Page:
Thursday 1 November 2012
Hansard of the Legislative Council
Mr FINCH (Rosevears) - Tasmanian farmers have
long wanted to cut out the middle person, but trying to cut them out is usually
without success. The problem of profits disappearing between the producer and
the consumer continues to increase. The virtual duopoly of the supermarkets is
squeezing Tasmanian farmers even more. Some producers in my electorate and
elsewhere have found some relief, although it is on a small scale, by selling
their produce directly. I have spoken about this before. You might remember I
spoke about Wayne and Sue Adams at Holwell where the Kerrisons come from, a
relative of the member for Western Tiers. They are cutting out the middle person
by marketing their potatoes directly to retailers and also the farmers' market
in Launceston. They have their special varieties of boutique potatoes.
The Launceston Harvest Market, launched in February this
year, is attracting many producers from cheese makers and honey producers to
meat and vegetable farmers. The Harvest Launceston Community Farmers' Market is
a not-for-profit organisation where all the money raised is reinvested into the
market: infrastructure, workshops for stallholders, improvements to the design,
help with staffing and so on. It is open every Saturday morning from 8 a.m.
until 12.30 p.m. and the harvest now has nearly 50 stallholders attending the
market when their produce is in season. It usually showcases about 40 producers
Ms Rattray - Is that at Inveresk?
Mr FINCH - No. It is near the Albert Hall.
Mrs Armitage - It's in the Launceston electorate,
Mr FINCH - Yes. You will find that most of the
people who show their produce there are from the electorate of Rosevears. It
attracts about 2 000 customers to each opening and has a following of more than
4 000 who access its website, Facebook, and Twitter, and receive their emailed
newsletter every week.
It is different from other markets in and around Launceston
because it sells only food and beverages and not craft or bric-a-brac. It
adheres to a very strict charter and market rules that are guided by the
Australian Farmers' Markets Association mission statement. Kieryn Deutrom, the
marketing manager of the Harvest Launceston Community Farmers' Markets, says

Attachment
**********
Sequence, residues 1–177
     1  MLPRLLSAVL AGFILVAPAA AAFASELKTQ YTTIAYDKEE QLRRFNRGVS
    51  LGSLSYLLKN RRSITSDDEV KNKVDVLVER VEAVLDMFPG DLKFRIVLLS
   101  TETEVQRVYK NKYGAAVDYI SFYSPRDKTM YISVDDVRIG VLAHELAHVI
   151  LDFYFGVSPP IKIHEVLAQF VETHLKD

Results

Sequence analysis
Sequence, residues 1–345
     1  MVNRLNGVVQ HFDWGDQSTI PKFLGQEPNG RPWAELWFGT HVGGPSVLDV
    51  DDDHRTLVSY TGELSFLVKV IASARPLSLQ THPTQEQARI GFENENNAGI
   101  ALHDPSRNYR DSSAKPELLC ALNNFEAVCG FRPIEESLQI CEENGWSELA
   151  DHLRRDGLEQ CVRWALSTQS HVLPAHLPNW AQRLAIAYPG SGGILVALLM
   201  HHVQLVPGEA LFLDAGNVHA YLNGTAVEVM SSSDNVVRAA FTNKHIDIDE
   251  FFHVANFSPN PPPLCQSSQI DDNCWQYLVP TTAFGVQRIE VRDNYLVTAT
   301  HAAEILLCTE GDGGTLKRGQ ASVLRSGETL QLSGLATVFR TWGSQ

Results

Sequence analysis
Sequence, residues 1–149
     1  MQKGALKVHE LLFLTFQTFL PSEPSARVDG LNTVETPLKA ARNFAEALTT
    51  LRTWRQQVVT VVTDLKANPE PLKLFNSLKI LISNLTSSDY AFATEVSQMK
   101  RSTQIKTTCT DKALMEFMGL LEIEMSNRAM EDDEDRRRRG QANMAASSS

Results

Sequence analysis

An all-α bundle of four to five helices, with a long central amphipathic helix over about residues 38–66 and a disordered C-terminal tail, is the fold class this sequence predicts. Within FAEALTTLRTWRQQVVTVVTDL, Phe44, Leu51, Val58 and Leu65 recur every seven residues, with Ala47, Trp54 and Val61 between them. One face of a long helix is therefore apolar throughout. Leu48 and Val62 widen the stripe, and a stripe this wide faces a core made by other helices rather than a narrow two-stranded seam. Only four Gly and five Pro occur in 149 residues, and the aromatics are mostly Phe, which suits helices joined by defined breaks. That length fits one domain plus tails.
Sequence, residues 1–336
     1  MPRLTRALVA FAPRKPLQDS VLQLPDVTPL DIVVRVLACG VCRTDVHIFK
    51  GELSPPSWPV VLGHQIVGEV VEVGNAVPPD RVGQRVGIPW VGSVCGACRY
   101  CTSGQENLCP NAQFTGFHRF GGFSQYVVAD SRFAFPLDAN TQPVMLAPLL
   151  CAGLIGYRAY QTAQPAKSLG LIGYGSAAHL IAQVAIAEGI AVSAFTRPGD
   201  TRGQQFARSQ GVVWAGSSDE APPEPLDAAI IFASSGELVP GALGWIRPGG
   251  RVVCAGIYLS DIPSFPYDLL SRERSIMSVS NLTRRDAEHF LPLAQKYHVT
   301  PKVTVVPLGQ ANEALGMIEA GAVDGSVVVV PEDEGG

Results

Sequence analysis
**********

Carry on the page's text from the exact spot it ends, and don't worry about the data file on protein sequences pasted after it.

that sticking to the strict guidelines - that is, the seller is the grower -
seems to be the key to success.
The spokesperson for the Australian Farmers' Markets
Association, Jane Adams, came to Launceston for the launch of the market and
she said that to be successful, markets need to remain accessible to everyone.
She spoke on ABC Rural and I quote:
It's very important that markets don't appear to be in any
way elitist. I think that's one of the dangers of farmers markets.
They're not gourmet shopping experiences, they're a place
where you buy fresh seasonal food and everybody should feel that they can be
I think when you set up your market, it mustn't be that all
the marquees are pure white and the chalk boards all match, that's not the
ethos of farmers markets.
The Launceston Harvest Market is sticking to that concept.
One thing that you get at a farmers' market that you will not find in
supermarkets is that consumers know exactly what they are buying and where it
comes from. They can ask the grower questions directly about the produce. They
can get tips from the growers about their own apple trees, about pruning,
cooking and so on. There is an interchange of ideas and there is the social
aspect that you do not get in supermarkets. That makes it different.
Not all communities can support a purely farmers' market.
Some have to include other items and they cannot support a weekly project, but
they too benefit and they also focus their communities. In my electorate we
have the Deviot Basket Market operating every Saturday from 6 October. People
go in and swap their food and they also have bimonthly, quarterly and other
markets at Deviot.
There is no beating a genuine grower-to-consumer market
operating every Saturday like the Launceston Harvest Market. It cuts out the
middle people and provides that community focus. One day it may even have a
roof, it may even have a permanent site throughout the week, like the historic
and thriving Queen Victoria Market in Melbourne,
or markets such as in Florence or Paris. But only nine
months after operation, Launceston's market has gained recognition. I want to
quote from the online newsletter released this morning and I am sure the member
for Murchison will be interested in this:
We already knew it, but Harvest has been listed as one of Australia's
best farmers' markets in the latest edition of Gourmet Traveller. Jane Adams …
says now with the popularity of farmers' markets across Australia (over
160), farmers' markets '… are not a fad, they have become a sustainable,
increasing habitual link in our food chain'. Jane says Harvest is 'Worth a Bass
Jane Adams lists the Launceston Harvest Market as one her
favourites. It is on Saturdays from 8 a.m. to 12.30 p.m. near the Albert Hall